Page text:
Aug. 15, 2012 -- A European study suggests that men who undergo PSA prostate cancer screening will gain years of high-quality life.
But it's not quite that simple.
Those extra years of high-quality life showed up across big groups of screened men. Individual men may get different results -- especially if screening-associated risks such as impotence and incontinence bother them more than the possible benefit of a life free of prostate cancer.
Whether to get a PSA test is a tricky decision.
Urologists, who see men dying of late-stage prostate cancer, tend to favor PSA screening for all men as they reach middle age. They want to catch the cancers while they are still treatable.
Testing experts, including the U.S. Preventive Services Task Force, calculate that the real harms of prostate cancer over-diagnosis and over-treatment outweigh potential benefits. It's an ongoing debate.
The new study, published today in the New England Journal of Medicine, "moves the ball down the field quite a lot," according to medical decision-making expert Harold C. Sox, MD, professor of medicine at Dartmouth's Geisel School of Medicine.
Instead of trying to compare prostate cancer to treatment side effects, the new study looks at the quality of life in men who do and don't get PSA tests.
Harry J. de Koning, MD, professor of public health and screening evaluation at the Netherlands' Erasmus Medical Center, led a team that analyzed data from a large European clinical trial of PSA screening. They translated all outcomes of regular PSA testing into quality life years gained or lost.
"I think prostate cancer screening has been shown to be effective, but there are a lot of negative side effects," de Koning tells WebMD. "What we now say is that a man age 55 to 69, if he is screened every four years, will gain something like 8.5 years of life. But we say you should diminish this by 20%, to about 6.7 years, because then you get healthy life years. It is a longer life, but a mix of good things and bad things."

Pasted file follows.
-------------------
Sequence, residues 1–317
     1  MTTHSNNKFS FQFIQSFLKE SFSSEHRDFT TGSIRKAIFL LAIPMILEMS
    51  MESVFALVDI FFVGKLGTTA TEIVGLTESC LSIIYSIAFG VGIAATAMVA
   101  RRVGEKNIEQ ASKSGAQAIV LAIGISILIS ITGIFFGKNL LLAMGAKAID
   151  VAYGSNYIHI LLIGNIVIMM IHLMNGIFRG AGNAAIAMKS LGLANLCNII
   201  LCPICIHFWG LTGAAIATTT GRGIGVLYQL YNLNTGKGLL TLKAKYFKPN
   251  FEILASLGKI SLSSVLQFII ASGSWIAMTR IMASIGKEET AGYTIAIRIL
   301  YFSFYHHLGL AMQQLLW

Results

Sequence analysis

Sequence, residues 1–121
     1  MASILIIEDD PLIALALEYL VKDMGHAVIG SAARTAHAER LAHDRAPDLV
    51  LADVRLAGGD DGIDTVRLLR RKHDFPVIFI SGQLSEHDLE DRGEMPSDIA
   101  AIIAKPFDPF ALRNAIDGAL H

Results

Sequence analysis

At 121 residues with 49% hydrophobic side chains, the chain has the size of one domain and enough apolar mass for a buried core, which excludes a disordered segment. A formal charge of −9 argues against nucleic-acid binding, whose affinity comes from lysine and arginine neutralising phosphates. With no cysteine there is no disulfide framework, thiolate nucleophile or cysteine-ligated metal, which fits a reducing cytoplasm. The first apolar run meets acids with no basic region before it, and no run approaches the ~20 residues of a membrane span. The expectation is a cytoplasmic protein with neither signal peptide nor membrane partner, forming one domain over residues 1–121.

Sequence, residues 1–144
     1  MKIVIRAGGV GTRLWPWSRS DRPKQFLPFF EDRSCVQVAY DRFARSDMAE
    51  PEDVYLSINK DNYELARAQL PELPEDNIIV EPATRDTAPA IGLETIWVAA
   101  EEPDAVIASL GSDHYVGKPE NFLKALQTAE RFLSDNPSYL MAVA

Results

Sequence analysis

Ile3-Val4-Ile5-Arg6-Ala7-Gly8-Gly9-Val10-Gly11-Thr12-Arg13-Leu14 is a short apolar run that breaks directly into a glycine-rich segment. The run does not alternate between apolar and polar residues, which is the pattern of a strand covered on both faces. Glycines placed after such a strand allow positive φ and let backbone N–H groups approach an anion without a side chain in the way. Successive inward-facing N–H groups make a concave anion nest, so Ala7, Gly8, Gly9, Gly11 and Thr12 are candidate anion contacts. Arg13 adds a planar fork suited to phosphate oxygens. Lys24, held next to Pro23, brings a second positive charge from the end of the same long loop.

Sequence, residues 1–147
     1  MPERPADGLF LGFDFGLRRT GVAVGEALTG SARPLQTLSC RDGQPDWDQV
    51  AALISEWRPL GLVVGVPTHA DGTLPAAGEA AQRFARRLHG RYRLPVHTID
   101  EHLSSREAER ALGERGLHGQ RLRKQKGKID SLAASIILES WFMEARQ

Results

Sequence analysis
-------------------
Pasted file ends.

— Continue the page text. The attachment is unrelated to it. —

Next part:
De Koning and colleagues arrived at their calculation by assigning life-quality values to each possible outcome of PSA screening.
"So a person who just got a biopsy thinks, 'Today is 10% worse than my average day in life.' Maybe some say 20% or 40%. That is what we try to calculate," de Koning says. "Or if a man is getting palliative care for metastatic cancer and you ask how much worse this state is than normal, he may say it's 50% worse than two years ago when he was healthy."
These values, while reasonable and based on previous quality-of-life research, clearly would vary from person to person. They calculate that 1,000 men who receive PSA screening would gain 56 years of high-quality life. But they note that if slightly different values were used, these 1,000 men might lose as many as 21 quality life years or gain as many as 97.
That gap makes it impossible to recommend for or against PSA screening for all men, says Sox, whose editorial comments accompany the de Koning report in the NEJM.
"If a significant number of men could end up losing quality life years as a result of their feelings about the kind of side effects that can happen with prostate cancer treatment, a significant number of patients also would gain quality life years by not worrying about dying of prostate cancer," Sox tells WebMD. "So you can't have a general recommendation either for or against PSA testing. You have to talk to the patient and find out what his feelings are."
That's almost exactly the current recommendation of the American Cancer Society. Unlike the U.S. Preventive Services Task Force, which based on its own risk/benefit analysis flatly advises men not to get the test, the ACS advises men to sit down with a medical professional and discuss all the risks and all the benefits.
That's not very satisfying to men who want protection from prostate cancer, but who don't want to gamble on a test that might lead to severe side effects from unnecessary treatment.
And there's the rub. De Koning and colleagues note that in the European study, 42% of cancers detected by PSA screening were "over-diagnosed" -- that is, they never would have done harm.
"Strategies to reduce over-diagnosis would seem to be necessary before screening can be generally advocated," they write.
Until this happens, Sox recommends improving our "meager" understanding of how men feel about the quality of their lives after treatment for prostate cancer.